To learn more about npm, check out the npm documentation:

Action Logs for the build

When a workflow runs, it produces a log that includes the details of what happened and any errors or test failures. If there is an error or if a test has failed, you see a red X rather than a green check mark ✔️ in the logs. You can examine the details of the error or failure to investigate what went wrong.

 GitHub Actions log with details on a failed test.

In the exercise, you identify failed tests by examining the details in the logs. You can access the logs from the Actions tab.

Customize workflow templates

Recall that, at the beginning of this module, we described a scenario where you need to set up CI for your team. The Node.js template is a great start, but you want to customize it to better suit your own team's requirements. You want to target different versions of Node and different operating systems. You'll probably also want to separate the build and test steps into separate jobs.

Let's take a look at how you customize a workflow.

strategy:
matrix:
    os: [ubuntu-lastest, windows-2016]
    node-version: [8.x, 10.x]

Here, we configured a build matrix for testing across multiple operating systems and language versions. This matrix will produce four builds, one for each operating system paired with each version of Node.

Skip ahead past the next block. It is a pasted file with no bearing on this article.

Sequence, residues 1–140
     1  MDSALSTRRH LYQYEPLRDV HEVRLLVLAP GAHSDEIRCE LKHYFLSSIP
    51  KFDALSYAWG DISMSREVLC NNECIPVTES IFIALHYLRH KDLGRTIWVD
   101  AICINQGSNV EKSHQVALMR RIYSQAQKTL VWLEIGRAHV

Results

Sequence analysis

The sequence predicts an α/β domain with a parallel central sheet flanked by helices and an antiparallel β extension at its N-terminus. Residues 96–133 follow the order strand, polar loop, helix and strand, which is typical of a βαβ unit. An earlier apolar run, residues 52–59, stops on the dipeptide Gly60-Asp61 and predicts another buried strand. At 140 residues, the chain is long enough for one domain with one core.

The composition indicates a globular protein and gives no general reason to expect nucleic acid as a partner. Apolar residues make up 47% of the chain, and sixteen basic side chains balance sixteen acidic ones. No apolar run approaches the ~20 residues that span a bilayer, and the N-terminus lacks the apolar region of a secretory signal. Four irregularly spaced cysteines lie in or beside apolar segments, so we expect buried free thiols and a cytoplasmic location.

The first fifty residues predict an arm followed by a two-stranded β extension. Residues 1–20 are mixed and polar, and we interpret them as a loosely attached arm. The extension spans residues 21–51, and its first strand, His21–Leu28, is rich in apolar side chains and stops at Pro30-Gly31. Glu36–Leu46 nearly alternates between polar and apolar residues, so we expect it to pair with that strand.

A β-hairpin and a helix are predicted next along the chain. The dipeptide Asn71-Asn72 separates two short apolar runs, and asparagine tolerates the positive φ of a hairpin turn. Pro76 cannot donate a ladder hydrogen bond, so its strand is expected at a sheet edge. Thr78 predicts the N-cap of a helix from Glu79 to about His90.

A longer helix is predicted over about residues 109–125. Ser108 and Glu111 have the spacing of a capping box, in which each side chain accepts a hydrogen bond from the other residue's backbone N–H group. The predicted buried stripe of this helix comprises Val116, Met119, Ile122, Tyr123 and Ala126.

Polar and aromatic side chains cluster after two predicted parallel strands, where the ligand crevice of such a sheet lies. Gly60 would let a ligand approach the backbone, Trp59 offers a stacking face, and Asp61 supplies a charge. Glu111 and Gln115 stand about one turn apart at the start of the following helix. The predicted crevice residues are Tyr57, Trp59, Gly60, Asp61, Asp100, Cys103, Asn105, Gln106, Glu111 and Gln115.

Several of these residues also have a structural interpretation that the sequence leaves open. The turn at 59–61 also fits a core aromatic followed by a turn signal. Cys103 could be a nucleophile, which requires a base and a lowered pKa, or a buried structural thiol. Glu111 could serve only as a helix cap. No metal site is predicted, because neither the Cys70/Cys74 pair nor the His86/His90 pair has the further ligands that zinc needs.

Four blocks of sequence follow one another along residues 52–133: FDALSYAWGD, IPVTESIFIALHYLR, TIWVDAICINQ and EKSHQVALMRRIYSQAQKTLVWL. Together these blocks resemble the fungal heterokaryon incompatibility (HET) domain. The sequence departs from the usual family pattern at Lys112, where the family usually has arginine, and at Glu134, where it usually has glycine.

Four builds, along with all their tests, will produce quite a bit of log information. It might be difficult to sort through it all. In the sample below, we show you how to move the test step to a dedicated test job. This job tests against multiple targets. Making the build and test steps separate will make it easier to understand the log.

test:
  runs-on: ${{ matrix.os }}
  strategy:
    matrix:
      os: [ubuntu-lastest, windows-2016]
      node-version: [8.x, 10.x]
  steps:
  - uses: actions/checkout@v1
  - name: Use Node.js ${{ matrix.node-version }}
    uses: actions/setup-node@v1
    with:
      node-version: ${{ matrix.node-version }}
  - name: npm install, and test
    run: |
      npm install
      npm test
    env:
      CI: true

What are artifacts?

When a workflow produces something other than a log entry, it's called an artifact. For example, the Node.js build will produce a Docker container that can be deployed. This artifact, the container, can be uploaded to storage by using the action actions/upload-artifact and downloaded from storage by using the action actions/download-artifact.

Storing an artifact helps to preserve it between jobs. Each job uses a fresh instance of a VM, so you can't reuse the artifact by saving it on the VM. If you need your artifact in a different job, you can upload the artifact to storage in one job and download it for the other job.

Artifact storage